Bells Beach Myth – BUS – ters
3 April 2012
Since the debate over commercial tour operators went public, serious misinterpretations and misrepresentations of the aims of the Bells Beach Preservation Society (and other community groups) have surfaced.
In an effort to set the record straight we would like to bust the following myths about commercial tour operators in the Bells reserve:
- Myth 1: the people voicing their opposition to commercial tour operators are just a fringe element.
Every community group with an interest in the Bells Beach reserve has embraced a policy of ‘no buses at Bells’. From the Torquay Boardriders, SANE, and the Surfrider Foundation to local business groups, all are unanimous that Bells must not be changed to accommodate commercial tour operators.
- Myth 2: Commercial tour operators are providing a service for thousands of tourists that want to specifically visit Bells Beach.
The reality is that tourists visiting Bells as part of the commercial tour groups don’t specifically want to visit Bells. They are only interested in the Great Ocean Road, The 12 Apostles, Loch Ard Gorge and the eye candy down towards Port Campbell. Bells is just a little added extra for the tour companies to throw in. The tour companies don’t even really care that much, they are just worried that one operator may gain an advantage over others by offering a Bells tour where the others can’t
As much as we love Bells, to the commercial tour operators Bells is a coffee break before heading down the coast. We would rather have tourists at Bells who can appreciate the reserve for what it is and are prepared to take the time to make a specific visit, which brings us to the next point:
- Myth 3: BBPS and other community groups want to keep tourists out of Bells and save it all for themselves.
The BBPS are all about keeping Bells accessible to people that have a genuine interest in the reserve. That is, tourists who want to come in and hang around for a while, those who can enjoy the reserve for what it is, maybe watch the surfers, use the walking tracks or even go for a surf. The fact is that by accommodating commercial tour traffic, these genuine Bells tourists are being discouraged and shortchanged.
What we are saying is that we actually want people to come and visit Bells, go for a surf and appreciate it for the same reasons we do. Effectively, we are lobbying for the exact opposite of keeping Bells to ourselves. We believe that people without access to their own transport should still be able to visit Bells as part of regulated groups coordinated by the Surfworld museum.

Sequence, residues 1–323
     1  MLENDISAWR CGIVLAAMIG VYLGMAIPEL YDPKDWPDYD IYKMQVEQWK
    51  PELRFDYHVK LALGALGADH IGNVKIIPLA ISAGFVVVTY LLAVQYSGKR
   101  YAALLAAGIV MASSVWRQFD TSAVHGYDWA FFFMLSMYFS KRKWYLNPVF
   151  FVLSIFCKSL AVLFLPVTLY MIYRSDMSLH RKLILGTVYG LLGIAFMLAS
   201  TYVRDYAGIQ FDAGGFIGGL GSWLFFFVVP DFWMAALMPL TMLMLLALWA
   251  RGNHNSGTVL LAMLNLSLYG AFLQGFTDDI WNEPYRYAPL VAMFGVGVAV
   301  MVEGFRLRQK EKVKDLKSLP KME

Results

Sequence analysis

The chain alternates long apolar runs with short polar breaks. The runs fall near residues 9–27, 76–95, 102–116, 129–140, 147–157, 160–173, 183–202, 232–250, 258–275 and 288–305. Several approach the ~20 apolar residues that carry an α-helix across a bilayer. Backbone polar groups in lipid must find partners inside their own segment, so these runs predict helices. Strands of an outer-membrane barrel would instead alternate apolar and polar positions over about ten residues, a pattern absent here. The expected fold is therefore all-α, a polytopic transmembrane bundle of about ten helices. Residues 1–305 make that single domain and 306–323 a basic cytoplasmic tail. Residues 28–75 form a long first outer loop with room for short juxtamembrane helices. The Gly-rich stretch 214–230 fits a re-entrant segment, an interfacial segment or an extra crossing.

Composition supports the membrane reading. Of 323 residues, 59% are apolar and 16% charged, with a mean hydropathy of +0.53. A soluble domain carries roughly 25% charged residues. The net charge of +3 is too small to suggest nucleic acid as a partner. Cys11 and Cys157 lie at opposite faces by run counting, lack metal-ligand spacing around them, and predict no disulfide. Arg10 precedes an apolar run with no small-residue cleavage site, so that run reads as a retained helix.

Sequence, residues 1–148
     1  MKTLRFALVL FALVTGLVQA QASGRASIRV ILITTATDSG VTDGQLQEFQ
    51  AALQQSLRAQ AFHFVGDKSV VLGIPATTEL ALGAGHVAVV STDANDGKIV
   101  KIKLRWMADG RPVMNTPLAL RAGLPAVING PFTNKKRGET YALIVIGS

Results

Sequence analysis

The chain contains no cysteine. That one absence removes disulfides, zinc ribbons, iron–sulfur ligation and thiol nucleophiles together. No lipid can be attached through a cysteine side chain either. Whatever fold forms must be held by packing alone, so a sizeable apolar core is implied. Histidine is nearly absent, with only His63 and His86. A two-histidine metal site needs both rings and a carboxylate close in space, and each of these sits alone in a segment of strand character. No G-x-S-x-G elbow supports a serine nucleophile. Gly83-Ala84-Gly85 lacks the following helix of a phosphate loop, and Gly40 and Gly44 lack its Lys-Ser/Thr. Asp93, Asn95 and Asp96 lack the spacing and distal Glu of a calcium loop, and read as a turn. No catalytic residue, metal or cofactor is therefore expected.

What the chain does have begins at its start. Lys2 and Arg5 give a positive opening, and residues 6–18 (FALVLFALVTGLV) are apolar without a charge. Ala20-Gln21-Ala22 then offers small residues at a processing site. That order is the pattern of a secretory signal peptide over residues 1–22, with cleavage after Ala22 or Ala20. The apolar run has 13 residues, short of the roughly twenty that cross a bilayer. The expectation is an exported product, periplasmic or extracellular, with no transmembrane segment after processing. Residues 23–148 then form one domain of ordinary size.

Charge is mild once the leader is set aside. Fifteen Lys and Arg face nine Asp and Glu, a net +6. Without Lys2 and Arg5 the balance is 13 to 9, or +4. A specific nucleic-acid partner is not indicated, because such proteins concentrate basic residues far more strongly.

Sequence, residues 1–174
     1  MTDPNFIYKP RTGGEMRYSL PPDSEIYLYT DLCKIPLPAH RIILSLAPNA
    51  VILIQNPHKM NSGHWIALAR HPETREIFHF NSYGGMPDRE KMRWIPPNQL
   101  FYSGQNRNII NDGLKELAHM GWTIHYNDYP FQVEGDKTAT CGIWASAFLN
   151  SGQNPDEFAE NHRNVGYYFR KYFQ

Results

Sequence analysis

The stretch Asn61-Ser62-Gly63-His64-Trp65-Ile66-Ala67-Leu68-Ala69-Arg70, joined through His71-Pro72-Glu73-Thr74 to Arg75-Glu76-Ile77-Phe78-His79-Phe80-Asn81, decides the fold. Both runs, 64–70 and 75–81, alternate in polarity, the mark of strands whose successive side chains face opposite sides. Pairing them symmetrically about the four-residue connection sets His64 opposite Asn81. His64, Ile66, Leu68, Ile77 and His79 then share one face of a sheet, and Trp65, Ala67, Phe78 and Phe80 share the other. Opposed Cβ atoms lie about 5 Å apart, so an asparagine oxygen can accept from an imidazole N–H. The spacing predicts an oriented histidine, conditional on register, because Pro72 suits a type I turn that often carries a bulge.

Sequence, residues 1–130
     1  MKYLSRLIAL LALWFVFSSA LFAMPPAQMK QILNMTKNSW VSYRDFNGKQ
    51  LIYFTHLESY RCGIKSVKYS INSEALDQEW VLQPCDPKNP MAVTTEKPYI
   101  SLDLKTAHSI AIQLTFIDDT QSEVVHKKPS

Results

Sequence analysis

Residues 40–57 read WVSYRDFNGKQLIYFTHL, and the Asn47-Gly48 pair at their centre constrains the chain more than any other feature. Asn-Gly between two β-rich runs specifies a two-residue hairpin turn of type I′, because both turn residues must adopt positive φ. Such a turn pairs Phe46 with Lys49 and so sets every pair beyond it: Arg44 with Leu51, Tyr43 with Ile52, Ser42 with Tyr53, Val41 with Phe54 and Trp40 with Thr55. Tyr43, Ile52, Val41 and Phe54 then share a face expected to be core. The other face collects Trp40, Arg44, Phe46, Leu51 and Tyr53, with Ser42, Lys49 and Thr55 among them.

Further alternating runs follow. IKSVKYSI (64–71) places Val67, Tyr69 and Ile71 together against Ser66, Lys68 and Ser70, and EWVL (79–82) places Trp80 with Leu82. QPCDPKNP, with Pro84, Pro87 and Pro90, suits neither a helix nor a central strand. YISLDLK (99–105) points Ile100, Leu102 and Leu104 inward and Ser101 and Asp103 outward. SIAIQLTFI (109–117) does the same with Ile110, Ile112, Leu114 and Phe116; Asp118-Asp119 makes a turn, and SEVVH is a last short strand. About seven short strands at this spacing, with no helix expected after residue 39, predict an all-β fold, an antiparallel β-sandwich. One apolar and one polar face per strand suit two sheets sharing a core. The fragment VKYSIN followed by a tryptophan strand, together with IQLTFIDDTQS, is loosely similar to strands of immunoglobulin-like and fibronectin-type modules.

As for sabotaging the local tourism industry and being automatically opposed to anyone making a dollar:
- Myth 4: Commercial tour operators generate income for the surf coast region.
At present, the commercial tour operators generate negative income for the Torquay / Bells region. They actually cost money to be there. The big dollar generators are the drive through tourists and people who hang around town. Its so obvious it hardly bears repeating. If our stance was anti-income then why would it be supported by the main Torquay business groups?
- Myth 5: Bells will still be the same, buses or no buses.
Granting commercial tour operators access to the Bells reserve has already resulted in major changes to the car parks. The work that has already been done is repugnant on an aesthetic level and on a practical level, but that won’t be the end of it. The Surf Coast Shire has plans that include the construction of a bus hub in the Winkipop car park. They can call it what they like – it may be referred to as an amenities block, a visitor’s centre or one of a hundred different weasel words – but make no mistake it is there for the commercial operators.
It has been said elsewhere on this site but it is worth repeating:
The shire are using the commercial tour traffic as an excuse to enable development within the Bells reserve. If we keep the tour operators out of the reserve, the problem goes away.
- Myth 6: The Bells reserve is just the same as any other beach along the coast and therefore should be open for exploitation by the tourism industry.
Well is it?